The transmission of drug-resistant strains of HIV has dropped dramatically in Vancouver, according to a study published January 1 in Clinical Infectious Diseases. The study authors claim the 12-fold reduction in transmitted resistance is at least partly due to the fact that nearly 90 percent of people taking antiretroviral (ARV) therapy are now able to keep their HIV fully suppressed.

Experts estimated that up to 13 percent of people in the United States were infected with drug-resistant strains of HIV in the year 2000, reflecting a steadily increasing—and worrisome—trend in the transmission of virus with decreased sensitivity to existing ARVs. People who acquire drug-resistant HIV might have fewer treatment options once they need to start HIV therapy.

More recently, evidence from other countries suggests the rate of acquired drug-resistant HIV may be dropping.

Vikram Gill, MD, from the BC Centre for AIDS in Vancouver, and his colleagues analyzed viral load and drug-resistance data from 7,730 people living with HIV whose blood was tested between 1996 and 2008 at the BC Center for AIDS. The large HIV clinic treats much of Vancouver’s HIV-positive population.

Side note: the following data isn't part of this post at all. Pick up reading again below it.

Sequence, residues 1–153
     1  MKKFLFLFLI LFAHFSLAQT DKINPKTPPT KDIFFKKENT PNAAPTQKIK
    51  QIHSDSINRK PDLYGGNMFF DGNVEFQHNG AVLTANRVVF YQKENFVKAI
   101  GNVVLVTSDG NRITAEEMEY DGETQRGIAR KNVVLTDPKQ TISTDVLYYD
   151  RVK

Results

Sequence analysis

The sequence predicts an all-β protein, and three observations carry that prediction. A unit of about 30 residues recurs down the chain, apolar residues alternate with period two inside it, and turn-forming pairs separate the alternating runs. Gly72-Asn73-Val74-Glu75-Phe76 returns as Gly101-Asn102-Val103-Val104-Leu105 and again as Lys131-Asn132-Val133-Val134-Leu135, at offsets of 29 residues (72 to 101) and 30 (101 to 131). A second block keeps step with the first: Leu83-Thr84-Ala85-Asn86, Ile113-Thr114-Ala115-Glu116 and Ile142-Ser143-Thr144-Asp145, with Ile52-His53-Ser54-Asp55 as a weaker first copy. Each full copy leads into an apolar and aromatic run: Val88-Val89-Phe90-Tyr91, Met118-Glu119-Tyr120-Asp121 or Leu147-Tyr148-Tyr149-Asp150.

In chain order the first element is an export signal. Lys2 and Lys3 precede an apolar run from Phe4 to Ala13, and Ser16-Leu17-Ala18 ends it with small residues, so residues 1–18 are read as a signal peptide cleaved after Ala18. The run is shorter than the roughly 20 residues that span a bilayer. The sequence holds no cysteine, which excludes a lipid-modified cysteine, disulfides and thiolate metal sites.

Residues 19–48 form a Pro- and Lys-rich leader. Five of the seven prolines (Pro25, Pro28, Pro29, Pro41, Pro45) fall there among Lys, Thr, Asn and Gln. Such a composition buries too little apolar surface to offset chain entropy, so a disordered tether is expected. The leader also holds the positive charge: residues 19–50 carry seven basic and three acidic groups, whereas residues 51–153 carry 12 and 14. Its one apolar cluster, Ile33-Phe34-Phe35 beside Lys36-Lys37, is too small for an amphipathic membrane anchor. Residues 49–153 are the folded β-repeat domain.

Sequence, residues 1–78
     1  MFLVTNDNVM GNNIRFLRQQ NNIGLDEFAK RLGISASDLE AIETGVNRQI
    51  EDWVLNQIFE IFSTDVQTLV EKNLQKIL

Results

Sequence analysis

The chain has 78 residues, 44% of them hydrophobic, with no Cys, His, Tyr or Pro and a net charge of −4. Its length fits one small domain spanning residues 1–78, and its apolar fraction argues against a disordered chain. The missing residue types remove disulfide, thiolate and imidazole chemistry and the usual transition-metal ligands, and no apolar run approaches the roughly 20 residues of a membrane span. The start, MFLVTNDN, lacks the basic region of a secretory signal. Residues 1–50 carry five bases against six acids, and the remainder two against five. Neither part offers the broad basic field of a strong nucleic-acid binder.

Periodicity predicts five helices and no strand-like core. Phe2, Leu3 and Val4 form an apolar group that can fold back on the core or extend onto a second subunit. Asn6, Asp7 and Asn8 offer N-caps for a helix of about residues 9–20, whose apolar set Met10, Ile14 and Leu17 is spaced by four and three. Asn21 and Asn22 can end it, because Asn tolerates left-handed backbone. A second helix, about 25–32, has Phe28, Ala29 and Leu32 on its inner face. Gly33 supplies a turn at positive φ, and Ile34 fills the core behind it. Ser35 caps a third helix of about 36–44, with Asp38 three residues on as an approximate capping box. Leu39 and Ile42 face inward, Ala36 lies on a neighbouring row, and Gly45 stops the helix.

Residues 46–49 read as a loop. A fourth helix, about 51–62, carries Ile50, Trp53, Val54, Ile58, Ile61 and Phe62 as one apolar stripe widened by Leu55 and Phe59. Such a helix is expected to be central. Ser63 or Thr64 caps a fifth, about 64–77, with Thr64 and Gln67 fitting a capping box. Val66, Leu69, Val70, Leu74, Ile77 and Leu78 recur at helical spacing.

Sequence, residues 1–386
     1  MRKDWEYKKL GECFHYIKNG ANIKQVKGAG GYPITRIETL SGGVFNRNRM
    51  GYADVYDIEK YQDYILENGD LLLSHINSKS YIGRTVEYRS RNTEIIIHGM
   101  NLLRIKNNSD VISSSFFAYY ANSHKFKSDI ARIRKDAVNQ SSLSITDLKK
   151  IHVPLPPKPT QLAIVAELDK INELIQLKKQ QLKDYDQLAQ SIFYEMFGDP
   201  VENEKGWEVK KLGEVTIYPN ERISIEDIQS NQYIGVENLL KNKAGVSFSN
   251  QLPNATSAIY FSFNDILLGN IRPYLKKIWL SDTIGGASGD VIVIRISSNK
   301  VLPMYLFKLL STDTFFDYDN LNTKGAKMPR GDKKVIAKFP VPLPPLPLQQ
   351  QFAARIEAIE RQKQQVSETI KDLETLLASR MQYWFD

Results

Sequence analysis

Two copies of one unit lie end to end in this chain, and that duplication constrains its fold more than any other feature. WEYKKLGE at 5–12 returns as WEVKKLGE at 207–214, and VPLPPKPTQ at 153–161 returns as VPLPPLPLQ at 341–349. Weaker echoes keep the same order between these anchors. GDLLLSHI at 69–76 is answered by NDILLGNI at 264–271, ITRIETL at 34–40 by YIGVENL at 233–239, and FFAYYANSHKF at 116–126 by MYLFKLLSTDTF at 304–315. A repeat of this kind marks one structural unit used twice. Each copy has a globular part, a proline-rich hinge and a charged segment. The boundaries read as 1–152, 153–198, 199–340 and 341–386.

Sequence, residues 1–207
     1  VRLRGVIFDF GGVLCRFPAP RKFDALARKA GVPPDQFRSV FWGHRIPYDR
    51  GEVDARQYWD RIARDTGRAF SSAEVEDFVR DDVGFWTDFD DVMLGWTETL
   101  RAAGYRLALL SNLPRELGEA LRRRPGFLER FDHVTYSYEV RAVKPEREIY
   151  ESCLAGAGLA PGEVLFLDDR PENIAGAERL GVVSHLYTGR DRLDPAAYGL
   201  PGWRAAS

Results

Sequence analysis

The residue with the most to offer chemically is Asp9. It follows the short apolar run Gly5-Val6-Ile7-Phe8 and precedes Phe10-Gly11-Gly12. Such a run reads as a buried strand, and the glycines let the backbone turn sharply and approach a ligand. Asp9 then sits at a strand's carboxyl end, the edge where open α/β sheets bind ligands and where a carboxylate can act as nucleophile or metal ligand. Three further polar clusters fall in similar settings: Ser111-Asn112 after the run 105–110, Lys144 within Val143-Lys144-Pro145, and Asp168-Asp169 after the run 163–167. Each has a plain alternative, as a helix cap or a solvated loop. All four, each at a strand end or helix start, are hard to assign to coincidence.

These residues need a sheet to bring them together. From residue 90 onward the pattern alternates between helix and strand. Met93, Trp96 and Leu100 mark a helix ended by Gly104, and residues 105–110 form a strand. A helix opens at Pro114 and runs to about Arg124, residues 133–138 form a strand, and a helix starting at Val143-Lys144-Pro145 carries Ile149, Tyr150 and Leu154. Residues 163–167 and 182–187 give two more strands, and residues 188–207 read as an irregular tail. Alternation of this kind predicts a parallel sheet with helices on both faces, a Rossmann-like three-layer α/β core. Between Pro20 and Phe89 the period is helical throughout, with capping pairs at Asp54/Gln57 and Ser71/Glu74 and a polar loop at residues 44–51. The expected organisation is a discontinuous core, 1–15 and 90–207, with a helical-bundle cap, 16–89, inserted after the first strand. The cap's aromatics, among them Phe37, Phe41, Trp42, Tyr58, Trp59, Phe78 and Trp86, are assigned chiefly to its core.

Gill’s team found that the number of cases of transmitted drug-resistant HIV fell from 571 in 1996 to just 71 cases in 2008, despite the fact that the cumulative exposure to ARV therapy in the population increased more than 10 times during the same period. Given how many more people had taken ARV treatment in 2008, compared with 1996, the actual rate of new drug-resistant transmissions dropped about 12 fold.

The authors conclude this dramatic decrease is at least partly due to an increase in the number of people with HIV in the community whose virus is fully suppressed. The percentage of people with undetectable HIV levels has increased from 64.7 percent in 1996 to 87 percent in 2007. In other words, the more people manage to keep their viral loads undetectable, the less likely they are to transmit drug-resistant virus to others.

The researchers write: “If current trends persist, the continued improvement of [ARV therapy] and the increased availability of new drugs could potentially make the development of new HIV drug resistance a rare event.”